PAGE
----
Giant and the Beanstalk

Overview

For a giant, Otto is embarrassingly polite. While all the other giants are studying Cursing, Growling, and Stomping, Otto just wants to play with his pet hen, Clara. Then one terrible day a wily human named Jack climbs up a magic beanstalk and steals her away! Knowing only the thief's name, Otto must find Clara and rescue her from the land of fairy tales and nursery rhymes. The only problem is, there seem to be an awful lot of Jacks down there....

Diane Stanley, author and ...

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Overview

For a giant, Otto is embarrassingly polite. While all the other giants are studying Cursing, Growling, and Stomping, Otto just wants to play with his pet hen, Clara. Then one terrible day a wily human named Jack climbs up a magic beanstalk and steals her away! Knowing only the thief's name, Otto must find Clara and rescue her from the land of fairy tales and nursery rhymes. The only problem is, there seem to be an awful lot of Jacks down there....

Diane Stanley, author and illustrator of goldie and the three bears and rumpelstiltskin's daughter, once again brings a fresh vision to a beloved story. Readers will delight in recognizing their favorite Jacks as Otto travels throughout the kingdom to find Clara. With great humor and beautiful illustrations, Diane Stanley creates a satisfying tale in which Jack, Jack, Jack, Jack, Jack, Jack, and Otto all live happily ever after.

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Editorial Reviews

Publishers Weekly
Stanley (Rumpelstiltskin's Daughter) once again cleverly contorts a familiar tale, here focusing not on Jack but on the giant from whom he purloins a beloved pet. Otto, a young giant with sharp teeth, beady eyes and claw-like nails, looks quite ferocious. Yet he is "embarrassingly polite" and selects as a pet a sweet hen named Clara-who just happens to lay golden eggs-instead of the fierce critters his parents and peers favor. Stanley thus allows youngsters to sympathize with Otto, who is understandably devastated when Jack appears seemingly out of nowhere, grabs Clara and disappears ("It was the single worst moment in Otto's life"). Otto shouts, "Fee, fi, fo, fum" because it's "the scariest thing he could remember from fourth-grade Threats and Curses." Though he suffers from vertigo, the determined giant discovers the beanstalk and pursues the thief. In a lively sequence, Otto searches a fairytale land of mountains and thatched-roof houses as he encounters, among others, a candlestick-jumping Jack, a Jack who tumbles down a hillside with his sister, Jill, and a lean Mr. Sprat grilling steak and celery. Full-bleed spreads of the nursery characters heighten the humor, and an inset angelic portrait of the giant, clipping his nails and donning a flower crown so as not to scare the townsfolk, will especially tickle youngsters. Not surprisingly, the story leads up to a felicitous finale, but the twists and turns readers takes along the way make this tale as original as Stanley fans have come to expect. Ages 5-8. (Sept.) Copyright 2004 Reed Business Information.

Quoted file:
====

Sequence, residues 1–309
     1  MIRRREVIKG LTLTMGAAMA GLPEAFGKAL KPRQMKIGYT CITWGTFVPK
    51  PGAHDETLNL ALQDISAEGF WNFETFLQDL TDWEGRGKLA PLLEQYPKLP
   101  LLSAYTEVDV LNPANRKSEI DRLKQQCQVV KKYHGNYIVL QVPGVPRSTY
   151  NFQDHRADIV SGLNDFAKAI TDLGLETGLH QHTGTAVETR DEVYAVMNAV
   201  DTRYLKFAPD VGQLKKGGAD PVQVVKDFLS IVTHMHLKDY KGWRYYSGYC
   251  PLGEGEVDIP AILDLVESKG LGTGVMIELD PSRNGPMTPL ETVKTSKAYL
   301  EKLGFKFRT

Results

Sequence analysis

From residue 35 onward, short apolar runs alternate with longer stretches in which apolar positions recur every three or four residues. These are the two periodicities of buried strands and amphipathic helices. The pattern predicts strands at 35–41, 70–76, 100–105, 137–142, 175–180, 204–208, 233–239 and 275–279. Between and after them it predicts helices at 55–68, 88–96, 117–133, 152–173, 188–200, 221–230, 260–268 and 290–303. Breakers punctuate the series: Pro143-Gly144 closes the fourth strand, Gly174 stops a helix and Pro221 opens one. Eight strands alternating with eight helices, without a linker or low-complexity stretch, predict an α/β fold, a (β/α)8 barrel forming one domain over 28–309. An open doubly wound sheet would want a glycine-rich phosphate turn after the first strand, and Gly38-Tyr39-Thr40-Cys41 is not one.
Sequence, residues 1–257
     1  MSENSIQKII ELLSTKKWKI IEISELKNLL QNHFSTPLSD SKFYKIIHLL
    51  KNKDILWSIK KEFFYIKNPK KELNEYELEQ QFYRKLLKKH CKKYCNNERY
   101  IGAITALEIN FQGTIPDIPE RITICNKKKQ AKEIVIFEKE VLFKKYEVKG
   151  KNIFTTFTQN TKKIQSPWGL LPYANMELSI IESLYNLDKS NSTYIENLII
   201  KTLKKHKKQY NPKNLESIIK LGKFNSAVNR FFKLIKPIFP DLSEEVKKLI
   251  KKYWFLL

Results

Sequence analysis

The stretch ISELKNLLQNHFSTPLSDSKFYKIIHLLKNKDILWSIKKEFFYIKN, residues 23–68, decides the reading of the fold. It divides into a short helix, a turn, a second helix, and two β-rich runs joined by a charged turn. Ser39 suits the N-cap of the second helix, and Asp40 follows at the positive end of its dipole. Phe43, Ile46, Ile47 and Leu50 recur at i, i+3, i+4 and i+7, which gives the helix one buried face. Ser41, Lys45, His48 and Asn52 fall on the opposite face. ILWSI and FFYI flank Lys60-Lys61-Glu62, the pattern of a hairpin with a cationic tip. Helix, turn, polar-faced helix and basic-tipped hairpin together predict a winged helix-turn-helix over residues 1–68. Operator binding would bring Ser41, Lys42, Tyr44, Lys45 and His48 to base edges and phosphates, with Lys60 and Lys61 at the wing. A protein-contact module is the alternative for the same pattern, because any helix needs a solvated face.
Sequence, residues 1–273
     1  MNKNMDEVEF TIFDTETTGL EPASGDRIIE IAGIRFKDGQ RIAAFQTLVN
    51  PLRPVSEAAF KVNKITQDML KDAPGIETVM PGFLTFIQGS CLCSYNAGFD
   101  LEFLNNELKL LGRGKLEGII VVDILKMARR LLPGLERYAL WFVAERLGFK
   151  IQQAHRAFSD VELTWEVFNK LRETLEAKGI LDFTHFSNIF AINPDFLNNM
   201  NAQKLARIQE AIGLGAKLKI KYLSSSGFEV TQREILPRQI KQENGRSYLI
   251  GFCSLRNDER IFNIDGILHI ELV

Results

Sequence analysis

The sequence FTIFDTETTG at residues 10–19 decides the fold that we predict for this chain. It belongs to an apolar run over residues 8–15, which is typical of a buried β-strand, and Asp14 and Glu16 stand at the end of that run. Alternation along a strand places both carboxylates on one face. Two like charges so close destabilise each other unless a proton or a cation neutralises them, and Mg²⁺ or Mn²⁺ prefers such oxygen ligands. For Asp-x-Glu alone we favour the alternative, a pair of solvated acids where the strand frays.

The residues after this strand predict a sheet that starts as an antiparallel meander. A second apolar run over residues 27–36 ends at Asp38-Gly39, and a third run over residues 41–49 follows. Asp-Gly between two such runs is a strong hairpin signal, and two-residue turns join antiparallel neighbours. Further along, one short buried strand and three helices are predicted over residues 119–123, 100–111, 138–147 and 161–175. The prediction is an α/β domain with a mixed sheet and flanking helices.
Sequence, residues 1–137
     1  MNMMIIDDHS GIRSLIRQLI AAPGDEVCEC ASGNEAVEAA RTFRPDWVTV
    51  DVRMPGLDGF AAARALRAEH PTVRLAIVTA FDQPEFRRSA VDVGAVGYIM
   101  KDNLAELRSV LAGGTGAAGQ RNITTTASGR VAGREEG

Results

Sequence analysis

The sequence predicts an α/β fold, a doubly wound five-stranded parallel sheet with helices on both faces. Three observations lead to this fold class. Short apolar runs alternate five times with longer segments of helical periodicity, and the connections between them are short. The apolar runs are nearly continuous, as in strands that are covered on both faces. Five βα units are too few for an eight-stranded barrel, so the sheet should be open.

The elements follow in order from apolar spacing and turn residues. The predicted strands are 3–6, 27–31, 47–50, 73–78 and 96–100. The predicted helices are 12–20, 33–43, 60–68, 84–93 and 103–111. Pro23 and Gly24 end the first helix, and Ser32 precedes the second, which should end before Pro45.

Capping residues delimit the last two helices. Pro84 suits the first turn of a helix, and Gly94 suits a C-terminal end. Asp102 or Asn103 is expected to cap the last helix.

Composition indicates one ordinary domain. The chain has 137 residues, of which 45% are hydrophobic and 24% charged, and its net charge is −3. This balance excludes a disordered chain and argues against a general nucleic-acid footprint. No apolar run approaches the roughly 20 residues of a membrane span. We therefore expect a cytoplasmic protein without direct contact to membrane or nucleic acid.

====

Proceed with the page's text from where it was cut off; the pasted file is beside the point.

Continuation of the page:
Children's Literature
As a companion to her other folktale spinoffs, Rumplestiltskin's Daughter and Goldie and the Three Bears, Stanley revisits the giant who owned the golden-egg-laying hen which Jack, of beanstalk fame, stole. Only this giant is a mild youngster, entirely misunderstood by his giant peers, and simply crazy about his pet hen. When he climbs down the beanstalk to retrieve his pet, Jack's mother says he's gone looking for their white cow because Jack loved it so. So the giant searches through numerous Jacks before he finds the right one, trades the found cow to get his hen back, and goes home. Young readers familiar with nursery rhymes (an increasingly smaller group, it seems) will knowingly nod as one Jack leaps a candlestick, another tumbles down a hill to land at the Giant's feet, and another skinny one who eats barbequed celery, not a steak or buttered sandwich, to name a few. Stanley helpfully appends the five rhymes the text refers to. Cheerful depictions of the jagged-toothed giant and oversize pictures with text boxed allow story hour listeners to see the action and humor. Older children will appreciate the references and the way this author, like others, blends allusions into an overall story. It is fun to read and pair with the original folktale, or other spinoffs of the "Jack and the Beanstalk" story such as tales by Raymond Briggs, Steven Kellogg, Tony Ross, and Mary Pope Osborne. 2004, HarperCollins, Ages 5 to 9.